Impact of Children on Committed Relationships

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Impact of Children on Committed Relationships
Christina Smith
Everest University Online

Most of the time, children have a great impact on a relationship. Before children, couples usually tend to spend a lot of time together and have more energy and money (Wood, 2010). Once children turn the relationship into a family, couples have less time together along with less energy and money (Wood, 2010). Our communications go from long and stimulating conversations about anything and everything to mostly about the children. We all know that becoming a parent is hard, but until we do, we never realize exactly how hard it really is (Wood, 2010). I interviewed five parents, two of them being a married couple, on how becoming parents impacted their relationships. The rest of this paper focuses on how these parents feel their children have impacted their relationships and how their communication is with each other.

With every family, the impacts of children on a relationship are different. People expect different changes, while other changes are not so expected. My friends, Brad and Morgan, have been married for almost three years. When I asked them what changes they experienced that was least expected they had different answers. Brad told me that his least expected change was that he “went from being someone who has never been around too many children, and not really a ‘kid’ person, to loving and playing with a child and it making you feel so good just to make them smile, and the warmth in your heart when they look at you with their arms open saying ‘Da Da’ (B. Worley, personal communication, January 9, 2012).” Morgan said that her least expected change was that she became a lot more emotional than she was before (personal communication, January 9, 2012). When talking about this, she told me about an experience that she had that made her realize this. She related “I went to a graduation ceremony shortly after my son was born and I cried thinking about HIS graduation! Totally unexpected (M. Worley, personal communication, January 9, 2012).” I asked a few of my other friends the same question. Kristi said, “I would have patience and be confident in what I was doing. I thought I would have a harder time adjusting (K. Madore, personal communication, January 10, 2012),” Michelle told me, “The way my single friends treated me and the baby. They thought that because of the baby I could not do the things I did before and therefore stopped inviting me all together without even giving me a chance (M. Butler, personal communication, January 10, 2012),” and Season answered with, “I never expected that I would be able to go without sleep or that I would have to, but having a child changes your sleep habit dramatically. Before I had children, I could sleep through a tornado. After I had my first child the slightest noise would wake me up! (S. McMahon, personal communication, January 10, 2012).” For some, the least expected changes seemed to have been both positive and negative. The trend I noticed was that most of them had expected the worst and what surprised them was that they were a lot easier than what they believed they were going to be.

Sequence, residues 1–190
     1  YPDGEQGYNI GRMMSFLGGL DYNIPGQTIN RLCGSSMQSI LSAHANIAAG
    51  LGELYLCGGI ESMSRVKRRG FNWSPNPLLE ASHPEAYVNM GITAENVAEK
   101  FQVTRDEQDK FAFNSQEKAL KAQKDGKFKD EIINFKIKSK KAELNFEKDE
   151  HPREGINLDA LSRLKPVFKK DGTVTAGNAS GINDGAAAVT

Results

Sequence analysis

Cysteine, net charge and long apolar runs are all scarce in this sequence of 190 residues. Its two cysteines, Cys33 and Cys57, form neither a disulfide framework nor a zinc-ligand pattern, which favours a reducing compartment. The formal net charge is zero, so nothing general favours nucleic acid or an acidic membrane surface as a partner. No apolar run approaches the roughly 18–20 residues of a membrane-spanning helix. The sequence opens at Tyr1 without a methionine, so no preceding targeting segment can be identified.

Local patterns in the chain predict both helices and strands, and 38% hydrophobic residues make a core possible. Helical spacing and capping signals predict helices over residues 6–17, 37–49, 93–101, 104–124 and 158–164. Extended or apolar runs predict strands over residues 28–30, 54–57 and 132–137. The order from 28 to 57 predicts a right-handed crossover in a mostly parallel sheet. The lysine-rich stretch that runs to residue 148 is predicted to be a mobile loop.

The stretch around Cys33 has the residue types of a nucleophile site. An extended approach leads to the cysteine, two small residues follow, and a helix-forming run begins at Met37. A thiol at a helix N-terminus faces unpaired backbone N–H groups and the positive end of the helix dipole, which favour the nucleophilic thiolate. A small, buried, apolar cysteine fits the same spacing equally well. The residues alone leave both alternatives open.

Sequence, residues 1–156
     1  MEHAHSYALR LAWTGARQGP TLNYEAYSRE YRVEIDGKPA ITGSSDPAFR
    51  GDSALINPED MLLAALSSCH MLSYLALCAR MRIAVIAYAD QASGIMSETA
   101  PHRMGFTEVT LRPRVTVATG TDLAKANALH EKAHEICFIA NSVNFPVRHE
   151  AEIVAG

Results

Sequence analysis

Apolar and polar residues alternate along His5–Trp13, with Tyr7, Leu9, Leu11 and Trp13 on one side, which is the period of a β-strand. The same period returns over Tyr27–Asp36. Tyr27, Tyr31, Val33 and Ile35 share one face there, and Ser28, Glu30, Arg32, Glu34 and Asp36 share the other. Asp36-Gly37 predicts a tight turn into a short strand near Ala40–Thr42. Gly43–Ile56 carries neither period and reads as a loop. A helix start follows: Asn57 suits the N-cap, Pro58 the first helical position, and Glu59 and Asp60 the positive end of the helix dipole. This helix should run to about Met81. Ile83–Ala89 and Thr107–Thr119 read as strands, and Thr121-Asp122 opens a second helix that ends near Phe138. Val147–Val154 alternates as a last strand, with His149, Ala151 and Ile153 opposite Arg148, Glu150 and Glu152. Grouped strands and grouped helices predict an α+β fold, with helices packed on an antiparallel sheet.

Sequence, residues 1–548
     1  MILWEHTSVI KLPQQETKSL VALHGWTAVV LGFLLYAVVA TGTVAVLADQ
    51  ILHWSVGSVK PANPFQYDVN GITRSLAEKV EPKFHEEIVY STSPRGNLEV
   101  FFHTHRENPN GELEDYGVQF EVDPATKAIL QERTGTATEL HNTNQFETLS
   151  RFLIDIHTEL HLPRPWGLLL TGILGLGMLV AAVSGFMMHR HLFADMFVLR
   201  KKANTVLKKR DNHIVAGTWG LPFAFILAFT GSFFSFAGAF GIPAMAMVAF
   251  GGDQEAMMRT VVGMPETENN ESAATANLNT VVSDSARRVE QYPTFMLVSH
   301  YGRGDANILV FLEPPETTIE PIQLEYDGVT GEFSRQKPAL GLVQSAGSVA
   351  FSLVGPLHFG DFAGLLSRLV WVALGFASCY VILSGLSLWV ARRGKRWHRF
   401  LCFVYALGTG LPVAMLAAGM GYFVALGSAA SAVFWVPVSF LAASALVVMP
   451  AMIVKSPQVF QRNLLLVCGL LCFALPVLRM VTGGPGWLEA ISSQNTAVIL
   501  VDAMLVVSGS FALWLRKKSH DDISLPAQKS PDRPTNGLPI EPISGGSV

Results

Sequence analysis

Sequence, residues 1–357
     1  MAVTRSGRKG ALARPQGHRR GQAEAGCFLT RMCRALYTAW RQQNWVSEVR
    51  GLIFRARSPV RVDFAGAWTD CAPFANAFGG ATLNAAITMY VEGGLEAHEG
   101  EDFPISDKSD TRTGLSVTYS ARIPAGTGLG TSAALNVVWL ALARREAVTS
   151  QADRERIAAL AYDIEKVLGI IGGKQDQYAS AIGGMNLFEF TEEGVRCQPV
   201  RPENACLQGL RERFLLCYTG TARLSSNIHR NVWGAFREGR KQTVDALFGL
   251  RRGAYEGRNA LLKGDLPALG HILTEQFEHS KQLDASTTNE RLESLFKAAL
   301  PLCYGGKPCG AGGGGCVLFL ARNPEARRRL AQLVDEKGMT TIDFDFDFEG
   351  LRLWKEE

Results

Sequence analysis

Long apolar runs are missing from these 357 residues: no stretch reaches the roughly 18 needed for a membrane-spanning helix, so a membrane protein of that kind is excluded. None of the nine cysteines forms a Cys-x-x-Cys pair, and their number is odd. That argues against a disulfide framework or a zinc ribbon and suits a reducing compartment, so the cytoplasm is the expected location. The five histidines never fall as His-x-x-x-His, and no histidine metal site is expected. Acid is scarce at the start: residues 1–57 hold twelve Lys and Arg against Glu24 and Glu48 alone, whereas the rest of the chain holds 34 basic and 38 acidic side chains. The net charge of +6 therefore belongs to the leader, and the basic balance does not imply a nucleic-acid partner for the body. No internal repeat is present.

My next question to my friends was “How did communication with your partner and others change after the baby was born?” Season told me that communication with others had never been very good, and that having a baby didn’t really make it worse or better (S. McMahon, personal communication, January 10, 2012). “As for my husband, he was actually great. He was a hands-on daddy who would feed, bathe, change diapers, and get up in the middle of the night. It was pretty good. We seemed to communicate much better about the kids. On life in general, it was not so good. People just treat you differently when you have a baby (M. Butler, personal communication, January 10, 2012).” For Kristi, communication with her husband was already almost non-existent. She said that with others, it centered on being about...
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